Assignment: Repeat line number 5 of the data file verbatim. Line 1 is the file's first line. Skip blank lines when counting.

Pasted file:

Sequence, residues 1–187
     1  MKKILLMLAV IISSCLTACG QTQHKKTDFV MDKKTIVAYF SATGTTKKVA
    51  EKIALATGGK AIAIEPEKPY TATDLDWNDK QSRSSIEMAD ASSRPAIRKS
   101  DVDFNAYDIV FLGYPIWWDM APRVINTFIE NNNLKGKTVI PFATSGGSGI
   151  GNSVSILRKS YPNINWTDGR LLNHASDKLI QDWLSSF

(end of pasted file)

   151  GNSVSILRKS YPNINWTDGR LLNHASDKLI QDWLSSF